His affection for the club he also managed on two occasions is undimmed and
the 57-year-old will be at the national stadium on Sunday hoping to see Jim
Goodwin replace him as the last Saints captain to win silverware.
Then again, if it hadn’t been for then manager Alex Smith’s sentimental
streak, he may have missed out on his big day 26 years ago.
“I’d been the captain of the team but I’d broken my jaw and, if that wasn’t
enough, I dislocated my knee as well,” he said.
“Looking back, I probably shouldn’t have been involved but all credit to Alex
Smith for putting me on the bench.
“I came on just before the end of normal time and it was a great feeling to be
on the pitch when Fergie [Ian Ferguson] scored the winner.
“I had been at the club since I was 12 – Alex Ferguson made me club captain
when I was just 17 – and it meant a lot to me.
“The way things have been going, Paisley and Renfrewshire could do with a lift
right now and winning a cup would give the whole area the feelgood factor.”
Fitzpatrick has divined similarities between the current team and the
successful one he was part of at Hampden.
“In 1987 we beat Hearts in the semi-final when we were the underdogs, just
like Danny Lennon’s boys were against Celtic this year,” he said.
“We were also rank outsiders against Dundee United in the final and, although
Hearts have had their troubles recently, they’re still a much bigger club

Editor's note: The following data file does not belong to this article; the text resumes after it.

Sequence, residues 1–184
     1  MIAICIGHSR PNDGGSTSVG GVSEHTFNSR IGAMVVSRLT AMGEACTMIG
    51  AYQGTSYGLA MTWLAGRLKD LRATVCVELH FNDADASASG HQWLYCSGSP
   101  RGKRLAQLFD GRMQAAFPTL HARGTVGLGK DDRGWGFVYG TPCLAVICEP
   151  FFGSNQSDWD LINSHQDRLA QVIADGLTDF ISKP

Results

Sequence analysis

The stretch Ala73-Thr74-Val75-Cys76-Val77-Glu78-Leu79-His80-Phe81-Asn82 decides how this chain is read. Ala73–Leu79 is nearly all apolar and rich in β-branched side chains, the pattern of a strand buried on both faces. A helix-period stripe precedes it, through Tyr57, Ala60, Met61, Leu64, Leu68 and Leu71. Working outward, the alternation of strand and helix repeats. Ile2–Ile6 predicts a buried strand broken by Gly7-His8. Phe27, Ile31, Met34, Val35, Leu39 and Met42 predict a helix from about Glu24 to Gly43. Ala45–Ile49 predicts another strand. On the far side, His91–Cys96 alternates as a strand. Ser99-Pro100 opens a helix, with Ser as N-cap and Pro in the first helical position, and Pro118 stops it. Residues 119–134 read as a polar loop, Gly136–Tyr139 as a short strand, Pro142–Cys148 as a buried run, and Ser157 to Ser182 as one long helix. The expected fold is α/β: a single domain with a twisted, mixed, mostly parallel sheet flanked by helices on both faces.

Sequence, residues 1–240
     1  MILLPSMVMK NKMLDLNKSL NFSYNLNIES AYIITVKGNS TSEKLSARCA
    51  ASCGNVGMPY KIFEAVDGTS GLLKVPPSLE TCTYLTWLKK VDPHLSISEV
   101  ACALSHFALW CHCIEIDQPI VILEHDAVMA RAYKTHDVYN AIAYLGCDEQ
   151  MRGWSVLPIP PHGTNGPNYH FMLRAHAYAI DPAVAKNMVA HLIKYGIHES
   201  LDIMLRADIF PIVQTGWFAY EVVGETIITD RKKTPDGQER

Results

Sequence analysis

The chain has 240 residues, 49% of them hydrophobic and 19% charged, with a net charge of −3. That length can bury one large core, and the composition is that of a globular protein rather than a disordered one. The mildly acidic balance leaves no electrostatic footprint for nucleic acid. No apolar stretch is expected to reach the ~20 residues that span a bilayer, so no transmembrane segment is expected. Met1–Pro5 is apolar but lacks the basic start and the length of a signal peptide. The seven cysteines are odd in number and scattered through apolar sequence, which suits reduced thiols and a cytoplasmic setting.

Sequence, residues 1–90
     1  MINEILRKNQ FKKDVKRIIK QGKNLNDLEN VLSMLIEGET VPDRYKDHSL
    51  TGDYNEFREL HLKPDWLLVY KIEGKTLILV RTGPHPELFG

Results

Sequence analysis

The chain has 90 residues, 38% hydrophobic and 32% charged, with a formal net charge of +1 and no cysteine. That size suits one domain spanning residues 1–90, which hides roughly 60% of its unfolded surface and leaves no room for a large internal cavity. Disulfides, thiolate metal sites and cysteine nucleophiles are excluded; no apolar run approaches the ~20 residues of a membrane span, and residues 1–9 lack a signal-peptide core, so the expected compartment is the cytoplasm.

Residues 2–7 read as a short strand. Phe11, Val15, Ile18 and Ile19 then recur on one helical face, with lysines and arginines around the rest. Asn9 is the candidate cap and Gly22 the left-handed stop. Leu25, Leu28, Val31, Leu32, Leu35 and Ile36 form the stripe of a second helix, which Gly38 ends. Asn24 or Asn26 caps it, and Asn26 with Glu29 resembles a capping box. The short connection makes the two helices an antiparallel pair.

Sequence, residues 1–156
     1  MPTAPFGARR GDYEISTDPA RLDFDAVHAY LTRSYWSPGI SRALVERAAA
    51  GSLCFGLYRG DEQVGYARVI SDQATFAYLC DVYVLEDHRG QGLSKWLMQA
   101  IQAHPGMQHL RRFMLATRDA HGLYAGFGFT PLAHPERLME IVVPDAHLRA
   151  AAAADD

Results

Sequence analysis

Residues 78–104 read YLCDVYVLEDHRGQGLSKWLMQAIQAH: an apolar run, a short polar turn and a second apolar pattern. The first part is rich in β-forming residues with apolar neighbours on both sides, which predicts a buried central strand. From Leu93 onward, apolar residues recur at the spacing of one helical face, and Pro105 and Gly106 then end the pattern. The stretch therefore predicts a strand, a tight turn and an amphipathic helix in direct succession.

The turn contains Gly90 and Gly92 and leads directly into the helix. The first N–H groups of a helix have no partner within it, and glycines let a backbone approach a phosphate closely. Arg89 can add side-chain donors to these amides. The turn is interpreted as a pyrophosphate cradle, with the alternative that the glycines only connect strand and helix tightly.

than we are.
“We had guys in our team – myself, Frank McGarvey and Billy Abercromby – who
were coming to the end of their careers and who wouldn’t get another chance
to feature in a final.
“That description could also apply to Steven Thompson, Gary Teale and Goodwin.
“And, just as we had youngsters like Ian Cameron, Paul Lambert and Ian
Ferguson, Danny has John McGinn, Kenny McLean and Marc McAusland.
“People also tend to forget that we were fighting relegation for a long time
in 1987 – the only thing that’s remembered now is that we won the Cup.
“And, while Dundee have looked doomed for a while, Saints have been second
bottom for four months in a row there, although I don’t believe that that’s
where they’ll finish.
“I think that this St Mirren team deserves to win something. They try to play
the game in the right manner and I’ve really enjoyed watching them this
“Teale, in particular, is proving himself to be the player we all thought we
were getting when he came to the club last season.”
St Mirren also have the distinction of being the last completely Scottish team
to win a major final. All 13 of the players they used at Hampden were Scots
– as, indeed, were all 13 of United’s.
“That makes it even more of an achievement,” said Fitzpatrick, who is looking
forward to savouring the atmosphere at the national stadium for what should
be a family final.
“In some ways it’s a shame that the 3-2 win over Celtic in the semi-final
wasn’t the final itself.
“However, I really enjoy cup finals that don’t involve either of the Old Firm.
It means more to the fans of the other clubs, I think.”